Why I’m not a “gamer”

This is probably a surprising headline coming from a guy who writes a blog about his plastic wardollies, but lately, there have been a lot of things that have made me consider whether I should identify with the gamer community, or rather, just be a guy who plays games.

First off, I feel like “gamer” is kind of an odd identity.  I’m many things, and in my average day, I do plenty other than playing games.  I spend a lot more time in the average week being an economist and civil servant than I do playing games.  I also enjoy live theatre, music, food, watching Murdoch Mysteries, writing, non-gaming modelling, beer, and many other things.  I like to think of myself as a well-rounded individual, and I’m not totally comfortable collapsing that entire identity down to one label.  Further, it seems odd to me that so many gamers make that a cornerstone of their identity in a way that many other fandoms don’t.  People who like to watch TV in their spare time don’t introduce themselves as TV-watchers.

Further, as someone with some rather left-leaning political beliefs and a healthy suspicion of the whole capitalist shebang (did I mention I was an economist?), there is something that doesn’t quite sit right about basing my identity around the products I consume.  There are other, more important aspects to people’s lives than simply the amount of plasticrack they buy, and while there may be communities devoted to said plasticrack, it feels weird to identify so strongly with it that it becomes your whole identity.

Finally, I feel like the “gamer” identity has gotten a negative connotation as of late, and I’m not sure I don’t want to be associated with those stereotypes.  Now, I’m not talking about the stereotype of the cheeto-fingered, Mountain Dew swilling, basement-dwelling nerdlinger.  That’s a stereotype that I can handle.  What I am referring to are the gamergaters, MRAs, and other alt-right fucknuts who are trying to turn gaming from something inclusive into a quasi-fascist boys club.

(Note:  I will say that this is something that I’ve found rears its ugly head on the internet more than in real life.  I suspect part of this is because I’m a white male so I may not notice it, and part of it is because it is far easier for these jerkwads to threaten women on the internet than to express their vile opinions in real life)

Gaming has a problem.  In fairness, our whole society has a problem when it’s 2017 and we can’t all agree that women are people and Nazis are bad, but it feels like gaming is a place that is particularly bad for this sort of thing.  I could speculate as to the deep-seated psychological reasons why so many gamers end up being misogynist jerkwads, but I’ll just say that in certain segments of the community, you can’t throw a stone without hitting someone whining that “SJWs” are ruining everything by asking to have their identities included and validated in the fiction of our shared worlds, or that having one badass female character in a story is proof of a systematic global conspiracy to oppress white men.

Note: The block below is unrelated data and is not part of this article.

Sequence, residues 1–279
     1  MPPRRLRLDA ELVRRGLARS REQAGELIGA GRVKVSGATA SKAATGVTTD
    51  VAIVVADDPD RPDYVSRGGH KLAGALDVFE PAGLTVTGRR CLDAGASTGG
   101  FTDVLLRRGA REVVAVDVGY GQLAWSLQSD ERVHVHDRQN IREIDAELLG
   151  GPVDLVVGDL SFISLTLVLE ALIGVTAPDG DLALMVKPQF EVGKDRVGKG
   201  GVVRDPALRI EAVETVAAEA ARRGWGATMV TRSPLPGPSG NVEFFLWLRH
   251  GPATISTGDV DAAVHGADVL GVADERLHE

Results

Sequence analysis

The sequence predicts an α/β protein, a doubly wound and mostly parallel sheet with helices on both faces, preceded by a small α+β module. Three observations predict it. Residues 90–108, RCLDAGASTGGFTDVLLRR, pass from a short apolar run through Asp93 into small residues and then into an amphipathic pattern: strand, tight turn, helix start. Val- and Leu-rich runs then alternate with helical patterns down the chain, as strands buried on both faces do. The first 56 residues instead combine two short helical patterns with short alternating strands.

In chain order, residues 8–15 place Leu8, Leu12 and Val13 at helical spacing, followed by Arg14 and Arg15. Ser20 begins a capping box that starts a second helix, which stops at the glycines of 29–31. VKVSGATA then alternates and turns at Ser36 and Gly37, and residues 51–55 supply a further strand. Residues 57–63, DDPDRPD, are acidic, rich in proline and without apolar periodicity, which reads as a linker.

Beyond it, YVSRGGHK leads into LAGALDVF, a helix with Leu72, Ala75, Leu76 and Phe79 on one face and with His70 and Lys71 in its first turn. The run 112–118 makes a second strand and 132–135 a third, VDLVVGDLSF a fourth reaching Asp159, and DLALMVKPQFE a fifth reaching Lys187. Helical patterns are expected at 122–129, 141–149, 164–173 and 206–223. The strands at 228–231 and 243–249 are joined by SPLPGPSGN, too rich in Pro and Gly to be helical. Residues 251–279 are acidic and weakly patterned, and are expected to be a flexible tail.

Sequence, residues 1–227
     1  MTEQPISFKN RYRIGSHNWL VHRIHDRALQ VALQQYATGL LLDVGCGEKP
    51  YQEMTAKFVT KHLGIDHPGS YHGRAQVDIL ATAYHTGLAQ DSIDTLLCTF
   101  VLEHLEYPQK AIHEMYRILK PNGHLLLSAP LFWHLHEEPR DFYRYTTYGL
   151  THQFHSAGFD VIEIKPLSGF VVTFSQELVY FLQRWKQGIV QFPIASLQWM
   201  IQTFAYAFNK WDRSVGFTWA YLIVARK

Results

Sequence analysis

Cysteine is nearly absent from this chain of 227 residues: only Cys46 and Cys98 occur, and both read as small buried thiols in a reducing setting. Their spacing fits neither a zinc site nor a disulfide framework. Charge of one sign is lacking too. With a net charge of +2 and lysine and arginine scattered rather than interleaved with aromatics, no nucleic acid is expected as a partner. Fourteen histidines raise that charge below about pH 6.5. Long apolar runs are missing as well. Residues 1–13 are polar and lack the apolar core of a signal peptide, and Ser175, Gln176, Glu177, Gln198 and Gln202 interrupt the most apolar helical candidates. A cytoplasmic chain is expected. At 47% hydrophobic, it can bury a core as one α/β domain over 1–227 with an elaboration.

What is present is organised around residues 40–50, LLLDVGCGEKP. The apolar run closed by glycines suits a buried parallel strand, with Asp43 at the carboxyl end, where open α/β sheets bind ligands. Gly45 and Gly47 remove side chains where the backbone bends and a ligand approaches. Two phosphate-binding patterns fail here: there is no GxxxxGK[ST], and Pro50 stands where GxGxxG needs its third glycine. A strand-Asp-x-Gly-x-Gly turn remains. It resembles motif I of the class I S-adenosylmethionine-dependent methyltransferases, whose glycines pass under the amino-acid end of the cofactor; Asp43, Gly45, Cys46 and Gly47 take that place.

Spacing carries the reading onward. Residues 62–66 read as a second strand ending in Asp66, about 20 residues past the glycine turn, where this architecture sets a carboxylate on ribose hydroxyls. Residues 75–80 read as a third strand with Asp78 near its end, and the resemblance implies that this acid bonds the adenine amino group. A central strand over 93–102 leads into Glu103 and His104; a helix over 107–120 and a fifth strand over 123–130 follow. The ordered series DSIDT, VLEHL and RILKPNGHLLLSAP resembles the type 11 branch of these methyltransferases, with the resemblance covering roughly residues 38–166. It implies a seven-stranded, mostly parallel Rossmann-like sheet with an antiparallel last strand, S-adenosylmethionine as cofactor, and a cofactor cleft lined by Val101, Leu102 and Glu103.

Want proof?  Just look at the response to the creation of the days-old Feminist 40K group and all the trolls who came out of the woodwork on that one.  Or the anger from some members of the community when Privateer Press removed the juvenile, needlessly sexist, Page 5 from the Warmachine Mk.III books and replaced it with something a little more welcoming.  Or just spend some time on the internet and you will come across people complaining that “SJWs” are ruining everything they like and that certain aspects of their hobby should remain stuck in the 1980s because they can imagine all kinds of fantastical creatures and races like dragons and dwarves, but somehow aren’t creative enough to conceive of a strong female character.

Now, I’m not trying to paint everyone who plays tabletop games with this broad brush.  And you might say that it’s not fair for me to write off all of gamerdom as horribly sexist.  You might have a point, but it’s also not fair for female gamers to face additional barriers to get into the hobby, and occasionally be harassed and terrorized out of the gaming community.

Gaming should be a welcoming, diverse community.  Our games themselves must be inclusive, or else we have a problem.  Given where the community is at right now, while I’m still going to play games and I’m going to try to welcome people to and interact with the community, I’m not sure I feel comfortable calling myself a “gamer” anymore and placing myself in the same category as the gamergate doofuses.

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